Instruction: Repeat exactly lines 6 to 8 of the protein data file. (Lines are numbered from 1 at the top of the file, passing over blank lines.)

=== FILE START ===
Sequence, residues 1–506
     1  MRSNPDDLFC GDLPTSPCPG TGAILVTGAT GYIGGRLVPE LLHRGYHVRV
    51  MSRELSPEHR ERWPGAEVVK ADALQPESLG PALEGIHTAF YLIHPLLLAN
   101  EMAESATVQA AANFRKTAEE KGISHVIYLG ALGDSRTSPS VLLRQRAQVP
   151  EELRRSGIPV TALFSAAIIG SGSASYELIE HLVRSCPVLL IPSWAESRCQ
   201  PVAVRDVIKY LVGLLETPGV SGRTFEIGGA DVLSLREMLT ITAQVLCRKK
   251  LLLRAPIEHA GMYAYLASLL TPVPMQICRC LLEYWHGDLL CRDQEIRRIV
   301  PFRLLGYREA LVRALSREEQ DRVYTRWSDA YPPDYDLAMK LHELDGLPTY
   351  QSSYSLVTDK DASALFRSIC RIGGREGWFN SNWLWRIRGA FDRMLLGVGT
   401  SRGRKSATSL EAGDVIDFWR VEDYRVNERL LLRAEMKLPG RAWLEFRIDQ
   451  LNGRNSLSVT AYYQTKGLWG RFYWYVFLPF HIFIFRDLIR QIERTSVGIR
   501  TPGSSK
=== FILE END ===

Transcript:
   201  PVAVRDVIKY LVGLLETPGV SGRTFEIGGA DVLSLREMLT ITAQVLCRKK
   251  LLLRAPIEHA GMYAYLASLL TPVPMQICRC LLEYWHGDLL CRDQEIRRIV
   301  PFRLLGYREA LVRALSREEQ DRVYTRWSDA YPPDYDLAMK LHELDGLPTY